Remembering An American HeroPosted on 2/22/14 - by Curt Carter email@example.comDear Major John Oliver Arnn, sirMORE
As an American, I would like to thank you for your service and for your sacrifice made on behalf of our wonderful country. The youth of today could gain much by learning of heroes such as yourself, men and women whose courage and heart can never be questioned.
May God allow you to read this, and may He allow me to someday shake your hand when I get to Heaven to personally thank you. May he also allow my father to find you and shake your hand now to say thank you; for America, and for those who love you.
With respect, and the best salute a civilian can muster for you, Sir
RememberedPosted on 8/19/11 MORE
If I should die...remembrances for MAJ. John Oliver ARNN, USA...who made the ultimate sacrifice!!!!!Posted on 8/21/10 - byIf I should die, and leave you here awhile, be not like others, sore undone, who keep long vigils by the silent dust, and weep...for MY sake, turn again to life, and smile...Nerving thy heart, and trembling han to do something to comfort other hearts than thine...Complete these dear, unfinished tasks of mine...and I, perchance, may therein comfort you.MORE
garden of light orphangePosted on 2/20/07 - by a orphan at one time in Beppu firstname.lastname@example.org want to thank the man i never knew. i was at the orphange and so was lawanda-yokoyama-christine-goto-and my other japanese sisters. he was a good man with o lot of compassion. i am kimiko kusumoto-francesca for giving us roof over our heads milk to drink nuns to take care of us sister crala yamada kruz who is still alive in tokyo that looked after our little bodies and did their best. may God Bless everyone. i am proud to say he was my father brother and friend.MORE
Do not stand at my grave and weepPosted on 3/9/06 - by Bob RossDo not stand at my grave and weep.MORE
I am not there; I do not sleep.
I am a thousand winds that blow,
I am the diamond glints on snow,
I am the sun on ripened grain,
I am the gentle autumn rain.
When you awaken in the morning's hush
I am the swift uplifting rush
Of quiet birds in circled flight.
I am the soft stars that shine at night.
Do not stand at my grave and cry,
I am not there; I did not die.
Mary Frye – 1932
Never ForgottenPosted on 1/25/06 - by Bill Nelson email@example.comFOREVER REMEMBEREDMORE
"If you are able, save for them a place inside of you....and save one backward glance when you are leaving for the places they can no longer go.....Be not ashamed to say you loved them....
Take what they have left and what they have taught you with their dying and keep it with your own....And in that time when men decide and feel safe to call the war insane, take one moment to embrace those gentle heroes you left behind...."
Quote from a letter home by Maj. Michael Davis O'Donnell
KIA 24 March 1970. Distinguished Flying Cross: Shot down and Killed while attempting to rescue 8 fellow soldiers surrounded by attacking enemy forces.
We Nam Brothers pause to give a backward glance, and post this remembrance to you, one of the gentle heroes lost to the War in Vietnam:
Slip off that pack. Set it down by the crooked trail. Drop your steel pot alongside. Shed those magazine-ladened bandoliers away from your sweat-soaked shirt. Lay that silent weapon down and step out of the heat. Feel the soothing cool breeze right down to your soul ... and rest forever in the shade of our love, brother.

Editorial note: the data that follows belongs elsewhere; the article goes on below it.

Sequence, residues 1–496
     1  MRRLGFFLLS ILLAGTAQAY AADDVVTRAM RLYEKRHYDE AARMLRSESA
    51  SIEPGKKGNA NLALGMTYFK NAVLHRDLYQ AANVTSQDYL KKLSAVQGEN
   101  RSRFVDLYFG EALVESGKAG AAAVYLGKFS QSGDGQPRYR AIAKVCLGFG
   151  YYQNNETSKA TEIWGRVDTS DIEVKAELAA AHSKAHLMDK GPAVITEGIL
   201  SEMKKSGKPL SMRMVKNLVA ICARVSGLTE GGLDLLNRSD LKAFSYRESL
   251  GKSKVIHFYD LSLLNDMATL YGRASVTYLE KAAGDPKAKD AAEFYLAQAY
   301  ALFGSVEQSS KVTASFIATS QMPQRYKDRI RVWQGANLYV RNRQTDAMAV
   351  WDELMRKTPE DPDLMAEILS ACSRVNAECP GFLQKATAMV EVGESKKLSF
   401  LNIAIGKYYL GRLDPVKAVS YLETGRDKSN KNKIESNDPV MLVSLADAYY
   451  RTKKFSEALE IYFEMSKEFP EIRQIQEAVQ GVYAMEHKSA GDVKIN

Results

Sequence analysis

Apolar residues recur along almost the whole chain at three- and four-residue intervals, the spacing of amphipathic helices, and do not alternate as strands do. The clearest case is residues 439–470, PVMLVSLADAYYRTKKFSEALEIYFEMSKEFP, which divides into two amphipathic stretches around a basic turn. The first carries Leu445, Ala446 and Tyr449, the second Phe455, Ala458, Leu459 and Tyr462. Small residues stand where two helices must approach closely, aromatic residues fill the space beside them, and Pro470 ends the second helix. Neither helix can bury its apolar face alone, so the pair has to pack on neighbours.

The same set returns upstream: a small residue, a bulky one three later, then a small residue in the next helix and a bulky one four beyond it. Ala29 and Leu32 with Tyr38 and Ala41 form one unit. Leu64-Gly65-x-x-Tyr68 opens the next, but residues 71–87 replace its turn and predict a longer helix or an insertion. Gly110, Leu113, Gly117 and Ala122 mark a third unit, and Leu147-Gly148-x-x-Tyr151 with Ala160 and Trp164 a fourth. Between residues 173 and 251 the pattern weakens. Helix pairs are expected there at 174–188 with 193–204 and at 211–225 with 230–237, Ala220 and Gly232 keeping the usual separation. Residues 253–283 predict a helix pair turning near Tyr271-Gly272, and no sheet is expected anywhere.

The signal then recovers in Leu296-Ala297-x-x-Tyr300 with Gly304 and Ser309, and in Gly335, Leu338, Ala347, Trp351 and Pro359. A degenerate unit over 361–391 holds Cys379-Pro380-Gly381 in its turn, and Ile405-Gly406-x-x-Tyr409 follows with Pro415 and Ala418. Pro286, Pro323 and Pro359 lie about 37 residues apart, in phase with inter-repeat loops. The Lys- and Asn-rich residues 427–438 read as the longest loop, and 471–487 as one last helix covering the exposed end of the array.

From your Nam-Band-Of-Brothers
NATIVE AMERICAN PRAYERPosted on 6/1/04 - by Chris Spencer firstname.lastname@example.orgIt is said a man hasn't died as long as he is remembered. This prayer is a way for families, friends and fellow veterans to remember our fallen brothers and sisters. Do not stand at my grave and weep I am not there, I do not sleep. I am a thousand winds that blow, I am the diamond glints on snow. I am the sunlight on ripened grain, I am the gentle autumn rain. When you awaken in the morning hush, I am the swift, uplifting rush of quiet birds in circled flight, I am the stars that shine at night. Do not stand at my grave and cry, I am not there, I did not die.MORE
Major John ArnnPosted on 6/2/00 - by Jim PerryI would like to honor the memory of Major John Arnn, who I knew in the last few days of his life.MORE
Major Arnn commanded the U.S. Special Forces unit in Chau Doc Province, on the Cambodian border in the Delta. I was assigned as the Assistant USAID rep in Chau Doc in December 1965. In the few days remaining to him. Major Arnn would lead his unit by my home each day on their morning run, and he would urge me to join them. He had made a personal commitment to get me in shape.
Major Arnn died December 26, on a ride through an outlying area of the province. Each time he rode by that mountain, controlled by the VC, he would sit in back of his jeep and spray the mountain with machine gun fire. That day the VC had anticipated him, and detonated an explosive under the jeep as it went by. Major Arnn and his driver were killed. His friend, my boss Tony Cistaro, was severely wounded and left for dead.
May his soul rest in peace.
The Wall of Faces
Brought to you by the organization that built The Wall, the Vietnam Veterans Virtual Memorial Wall is dedicated to honoring, remembering and sharing the legacies of all those who died in the Vietnam War. Here you can go beyond the names on The Wall to see the faces, share the stories and read the remembrances posted by friends, neighbors, classmates and family members.
All of these photos will be showcased in The Education Center at The Wall on the National Mall in Washington, D.C. To learn more about the effort to collect these photos and ensure their faces will never be forgotten, visit www.buildthecenter.org.